UK Regulator Updates Its Approach To AI And Sets A 12-Month Plan

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The UK's Financial Conduct Authority (FCA) has recently published an update (the Update) on its approach to artificial intelligence (AI) following the UK government's publication...
UK Technology
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The UK's Financial Conduct Authority (FCA) has recently published an update (the Update) on its approach to artificial intelligence (AI) following the UK government's publication of its pro-innovation strategy in February 2024 (the Strategy).

The Strategy identified the following five principles as 'key' to the regulation of AI in the UK: (i) safety, security, robustness; (ii) appropriate transparency and explainability; (iii) fairness; (iv) accountability and governance; and (v) contestability and redress. The Update details, at a high-level, how the FCA's existing approach is in line with each of the identified principles and describes itself as a 'technology-agnostic, principles-based and outcomes-focused regulator'. In addition, the FCA details what it plans to do in the next 12 months, including:

  1. Continuing to further the FCA's understanding of how AI is deployed in UK financial markets. The Update provides that this will ensure that any potential future regulatory interventions are effective, proportionate and pro-innovation. The FCA states that it is also re-running a third edition of its machine learning survey, jointly with the Bank of England (BoE), as well as collaborating with the Payment Services Regulator (PSR) to consider AI across systems areas.
  2. Building on the existing UK regulatory framework that covers firms' use of technology, including AI. The FCA highlights that while the existing framework, in so far as it applies to firms using AI, aligns and supports the UK Government's AI principles, it may actively consider future regulatory adaptations if needed.
  3. Continuing to collaborate closely with the BoE, PSR, and with other regulators through its Digital Regulation Cooperation Forum (DRCF) membership. The FCA will also closely engage with regulated firms, 'civil society', academia and its international peers.
  4. Prioritising its international engagement on AI in line with recent developments such as the AI Safety Summit (please refer to our recent articles available here and here, respectively) and the G7 Leaders' Statement on the Hiroshima AI Process. The FCA highlights that it is closely involved in the work of the International Organization of Securities Commissions (IOSCO), including the AI working group, and supports the work of the Financial Stability Board (FSB). The FCA also states that it is a core participant in other multilateral forums on AI, including the Organisation for Economic Co-operation and Development (OECD), the Global Financial Innovation Network (GFIN) and the G7.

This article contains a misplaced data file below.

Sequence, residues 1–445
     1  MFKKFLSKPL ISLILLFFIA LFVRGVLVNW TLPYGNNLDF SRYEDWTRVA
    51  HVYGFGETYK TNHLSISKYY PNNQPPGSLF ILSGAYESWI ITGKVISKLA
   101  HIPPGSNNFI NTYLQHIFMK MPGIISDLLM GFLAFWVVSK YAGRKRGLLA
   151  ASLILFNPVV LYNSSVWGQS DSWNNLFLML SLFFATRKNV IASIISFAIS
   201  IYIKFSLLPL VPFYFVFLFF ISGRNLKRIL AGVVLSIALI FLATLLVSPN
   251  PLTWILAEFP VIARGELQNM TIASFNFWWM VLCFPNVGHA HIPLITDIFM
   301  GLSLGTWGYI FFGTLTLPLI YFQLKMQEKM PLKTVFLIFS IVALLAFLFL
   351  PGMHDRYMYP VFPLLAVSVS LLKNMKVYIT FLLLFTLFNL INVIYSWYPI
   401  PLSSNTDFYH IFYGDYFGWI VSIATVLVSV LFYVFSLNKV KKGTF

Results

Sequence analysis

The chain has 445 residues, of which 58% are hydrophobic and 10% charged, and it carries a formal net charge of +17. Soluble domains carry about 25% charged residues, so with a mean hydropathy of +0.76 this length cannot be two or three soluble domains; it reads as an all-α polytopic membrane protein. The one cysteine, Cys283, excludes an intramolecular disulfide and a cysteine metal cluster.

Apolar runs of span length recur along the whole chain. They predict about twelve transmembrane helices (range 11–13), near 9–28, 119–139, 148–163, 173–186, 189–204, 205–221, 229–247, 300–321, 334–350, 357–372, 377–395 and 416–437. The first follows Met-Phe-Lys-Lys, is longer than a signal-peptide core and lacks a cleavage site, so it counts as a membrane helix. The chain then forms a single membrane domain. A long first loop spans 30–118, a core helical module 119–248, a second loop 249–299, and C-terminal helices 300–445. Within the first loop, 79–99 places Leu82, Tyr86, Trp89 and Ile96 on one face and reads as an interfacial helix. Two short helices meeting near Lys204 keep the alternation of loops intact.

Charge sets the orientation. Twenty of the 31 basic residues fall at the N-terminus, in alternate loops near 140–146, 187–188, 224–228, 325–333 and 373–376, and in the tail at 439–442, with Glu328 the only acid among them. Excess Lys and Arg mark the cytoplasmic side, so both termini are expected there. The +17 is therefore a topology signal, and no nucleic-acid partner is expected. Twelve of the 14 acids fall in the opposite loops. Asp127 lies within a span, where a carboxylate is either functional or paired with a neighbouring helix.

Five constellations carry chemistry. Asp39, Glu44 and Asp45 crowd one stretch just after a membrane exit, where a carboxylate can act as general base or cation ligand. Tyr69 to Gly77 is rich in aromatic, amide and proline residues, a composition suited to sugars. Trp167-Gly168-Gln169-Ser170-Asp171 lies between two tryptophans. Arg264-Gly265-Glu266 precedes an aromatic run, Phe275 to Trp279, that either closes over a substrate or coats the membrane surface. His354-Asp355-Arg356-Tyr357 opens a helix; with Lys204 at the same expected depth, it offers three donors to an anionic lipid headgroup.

5. Working with DRCF member regulators to deliver the pilot AI and Digital Hubs.
  6. Assessing opportunities to pilot new types of regulatory engagement and environments in which the design and impact of AI on consumers and markets can be tested and assessed without harm materialising. This includes exploring changes to the FCA's innovation services that could enable the testing, design, governance and impact of AI technologies in UK financial markets within an AI Sandbox.
  7. Investing further into AI technologies in order for the FCA itself to proactively monitor markets, including for market surveillance purposes. The FCA is currently exploring potential further use cases involving Natural Language Processing to aid triage decisions, assessing AI to generate synthetic data or using LLMs to analyse and summarise text.

The Strategy and the Update found here and here respectively.

The content of this article is intended to provide a general guide to the subject matter. Specialist advice should be sought about your specific circumstances.

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